Though EPC is only 7 years old, Lidow, 60, has in one way or another, been stepping towards this opportunity his entire life. Lidow’s father earned an engineering degree in Berlin in the 1930s; a Jew, he soon fled Nazi Germany, settled in El Segundo, CA. and started chip maker International Rectifier in 1947. Lidow’s father pushed him in the engineering direction from an early age, prodding the younger Lidow to help build an electric car in high school. “My father was dying to have kids who were engineers,” he says, “so he kind of engineered engineers my whole life.”

        After a brief love affair with aeronautical engineering, Lidow fell in love with solid state physics while an undergrad at CalTech; after graduate school at Stanford where he’d studied gallium arsenide, he landed a job as a research and development engineer at IR, and went on to co-invent the power MOSFET, a transistor credited with launching modern power conversion industry. IR went public in 1958, but was a very small semiconductor company at the time of the power MOSFET development.  Lidow’s power MOSFET patents eventually brought in almost $1B in royalties from competitors and established the company as the largest producer in power MOSFETs until it was acquired by Infineon in January 2015.

        By 2000 IR boasted $1 billion in sales, and Lidow had become its CEO. During this time Lidow learned about a group of scientists spun out of CalTech  who had figured out how to make transistors in a thin layer of gallium nitride grown on top of a standard silicon chip. “That immediately turned on a light bulb,” he says: Given his PhD work in gallium arsenide, he also knew well its cousin’s benefits as well as pitfalls, the chief one being production cost. “But if you could grow it on the standard piece of silicon, you eliminated that cost problem and you were able to hopefully harvest the superior performance,” he says.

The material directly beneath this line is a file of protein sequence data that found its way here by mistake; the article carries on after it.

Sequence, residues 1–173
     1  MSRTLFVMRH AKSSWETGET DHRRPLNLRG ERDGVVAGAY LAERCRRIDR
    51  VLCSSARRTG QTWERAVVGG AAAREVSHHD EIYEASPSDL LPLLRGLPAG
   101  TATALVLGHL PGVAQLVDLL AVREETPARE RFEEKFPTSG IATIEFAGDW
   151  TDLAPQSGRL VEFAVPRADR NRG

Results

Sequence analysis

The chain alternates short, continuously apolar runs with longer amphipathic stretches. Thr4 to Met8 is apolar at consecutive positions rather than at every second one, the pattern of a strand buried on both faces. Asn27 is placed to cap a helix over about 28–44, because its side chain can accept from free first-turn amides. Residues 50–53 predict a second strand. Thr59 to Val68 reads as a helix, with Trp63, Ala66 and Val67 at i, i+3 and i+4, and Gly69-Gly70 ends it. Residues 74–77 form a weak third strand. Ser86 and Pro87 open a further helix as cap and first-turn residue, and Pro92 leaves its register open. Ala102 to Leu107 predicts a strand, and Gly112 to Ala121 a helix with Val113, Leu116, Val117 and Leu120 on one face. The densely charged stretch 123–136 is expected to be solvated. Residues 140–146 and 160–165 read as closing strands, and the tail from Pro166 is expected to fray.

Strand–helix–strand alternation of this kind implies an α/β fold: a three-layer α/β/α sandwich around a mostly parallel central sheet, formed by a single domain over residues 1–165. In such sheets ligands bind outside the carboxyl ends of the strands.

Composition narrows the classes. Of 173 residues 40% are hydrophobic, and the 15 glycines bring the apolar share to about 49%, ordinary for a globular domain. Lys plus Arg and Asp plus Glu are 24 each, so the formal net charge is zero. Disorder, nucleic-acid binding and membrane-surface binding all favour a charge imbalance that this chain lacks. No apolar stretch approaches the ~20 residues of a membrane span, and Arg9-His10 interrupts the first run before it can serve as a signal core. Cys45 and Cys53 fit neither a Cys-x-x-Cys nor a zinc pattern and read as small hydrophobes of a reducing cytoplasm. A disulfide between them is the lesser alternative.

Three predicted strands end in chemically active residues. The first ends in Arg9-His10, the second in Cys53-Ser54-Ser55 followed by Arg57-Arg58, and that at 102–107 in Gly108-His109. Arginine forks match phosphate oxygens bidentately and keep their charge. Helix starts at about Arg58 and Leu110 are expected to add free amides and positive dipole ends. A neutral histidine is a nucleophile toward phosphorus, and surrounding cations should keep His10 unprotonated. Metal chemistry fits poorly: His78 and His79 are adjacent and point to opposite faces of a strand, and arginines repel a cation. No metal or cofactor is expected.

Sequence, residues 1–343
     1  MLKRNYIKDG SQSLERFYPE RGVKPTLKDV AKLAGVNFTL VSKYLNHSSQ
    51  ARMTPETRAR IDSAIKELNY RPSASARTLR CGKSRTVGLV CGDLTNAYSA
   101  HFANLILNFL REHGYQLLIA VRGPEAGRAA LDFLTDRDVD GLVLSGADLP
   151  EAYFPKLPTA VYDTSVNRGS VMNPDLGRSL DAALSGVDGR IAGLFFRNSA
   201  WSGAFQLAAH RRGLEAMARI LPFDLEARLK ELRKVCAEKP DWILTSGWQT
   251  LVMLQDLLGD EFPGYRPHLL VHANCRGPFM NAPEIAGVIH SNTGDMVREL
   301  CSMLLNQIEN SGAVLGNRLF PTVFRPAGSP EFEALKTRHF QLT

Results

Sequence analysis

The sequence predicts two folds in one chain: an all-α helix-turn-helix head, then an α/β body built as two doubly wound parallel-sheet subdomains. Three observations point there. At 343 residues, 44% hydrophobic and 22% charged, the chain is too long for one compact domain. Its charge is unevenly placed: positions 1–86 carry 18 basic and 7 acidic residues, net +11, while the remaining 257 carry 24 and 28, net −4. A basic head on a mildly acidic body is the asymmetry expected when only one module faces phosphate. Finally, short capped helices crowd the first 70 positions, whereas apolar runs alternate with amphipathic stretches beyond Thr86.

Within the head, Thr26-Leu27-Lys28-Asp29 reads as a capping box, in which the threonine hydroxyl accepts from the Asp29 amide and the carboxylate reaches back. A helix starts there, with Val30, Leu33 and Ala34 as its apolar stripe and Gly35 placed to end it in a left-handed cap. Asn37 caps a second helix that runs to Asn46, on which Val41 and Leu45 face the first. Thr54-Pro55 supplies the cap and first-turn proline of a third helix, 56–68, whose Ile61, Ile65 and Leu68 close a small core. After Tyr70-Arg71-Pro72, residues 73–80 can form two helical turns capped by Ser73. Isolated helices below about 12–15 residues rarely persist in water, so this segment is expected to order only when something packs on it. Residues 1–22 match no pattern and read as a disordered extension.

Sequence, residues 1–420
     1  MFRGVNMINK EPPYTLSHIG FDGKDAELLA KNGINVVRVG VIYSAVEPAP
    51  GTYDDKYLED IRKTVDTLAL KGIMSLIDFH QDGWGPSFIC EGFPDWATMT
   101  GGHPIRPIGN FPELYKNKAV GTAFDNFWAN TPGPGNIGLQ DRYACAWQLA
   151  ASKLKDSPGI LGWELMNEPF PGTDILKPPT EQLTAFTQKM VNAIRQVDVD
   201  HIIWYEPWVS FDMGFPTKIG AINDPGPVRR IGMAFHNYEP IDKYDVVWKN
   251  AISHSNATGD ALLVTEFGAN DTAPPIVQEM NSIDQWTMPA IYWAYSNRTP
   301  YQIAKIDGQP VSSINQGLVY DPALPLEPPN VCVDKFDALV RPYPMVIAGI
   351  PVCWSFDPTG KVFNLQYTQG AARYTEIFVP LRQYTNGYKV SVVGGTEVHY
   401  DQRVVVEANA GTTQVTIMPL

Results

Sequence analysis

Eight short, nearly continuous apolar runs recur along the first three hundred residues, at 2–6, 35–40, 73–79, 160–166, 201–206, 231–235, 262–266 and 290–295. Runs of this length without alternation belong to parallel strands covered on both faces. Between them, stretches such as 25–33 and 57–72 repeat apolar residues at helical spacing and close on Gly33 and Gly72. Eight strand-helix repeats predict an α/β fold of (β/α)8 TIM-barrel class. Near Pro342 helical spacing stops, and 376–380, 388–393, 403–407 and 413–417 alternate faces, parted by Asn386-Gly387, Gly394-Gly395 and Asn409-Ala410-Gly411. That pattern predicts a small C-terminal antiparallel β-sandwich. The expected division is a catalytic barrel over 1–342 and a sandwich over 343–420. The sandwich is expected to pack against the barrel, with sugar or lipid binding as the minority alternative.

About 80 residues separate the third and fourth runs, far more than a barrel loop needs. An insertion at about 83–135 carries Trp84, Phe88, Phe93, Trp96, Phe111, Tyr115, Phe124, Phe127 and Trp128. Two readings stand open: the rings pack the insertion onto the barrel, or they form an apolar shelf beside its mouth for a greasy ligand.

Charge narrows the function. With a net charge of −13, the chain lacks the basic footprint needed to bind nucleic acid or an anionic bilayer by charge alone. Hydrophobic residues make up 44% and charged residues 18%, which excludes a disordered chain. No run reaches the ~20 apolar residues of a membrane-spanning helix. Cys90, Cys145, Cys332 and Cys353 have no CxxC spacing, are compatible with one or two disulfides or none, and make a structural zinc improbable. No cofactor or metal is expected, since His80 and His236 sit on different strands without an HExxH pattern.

Sensing a great opportunity, Lidow bought this little company, a Cal Tech spin-off, incorporated it into IR and began IR’s GaN work.  But Lidow’s pet project proved unpopular with the company’s established culture: In a company with some 10,000 products, “it’s very, very difficult to get people to focus on a product that – eight, nine years from then – will deliver revenue, but in the process will obsolete your largest product line.” Being unable to focus on the GaN division, he adds, “was a frustration.”

        Then, Lidow found himself fired. And then the problem of being unable to focus on what he’d wanted to all along “miraculously or serendipitously took its own turn,” he says.

        Sometimes getting fired presents the best opportunities of all. That’s when Lidow founded EPC. From his power MOSFET experience, Lidow says, “I knew what it took to develop not just a new technology, but get it adopted and also get it to a brutally low cost. But there I was. My funds were extremely limited, and I was certainly somewhat tainted as a leader.”

        Nevertheless, Lidow approached a friend, Archie Huang, a prominent Taiwanese industrialist who owned silicon foundries there, and convinced him to begin manufacturing some GaN products. It would need no capital investment, Lidow reasoned, because Huang had open production capacity. Not only did Huang agree to produce the GaN products, but he invested in Lidow’s company. “Our thesis was that we wanted to make a product that worked just like a power MOSFET and we wanted to make it cheaper than MOSFET.” (Huang and Lidow remain the two single investors in EPC.)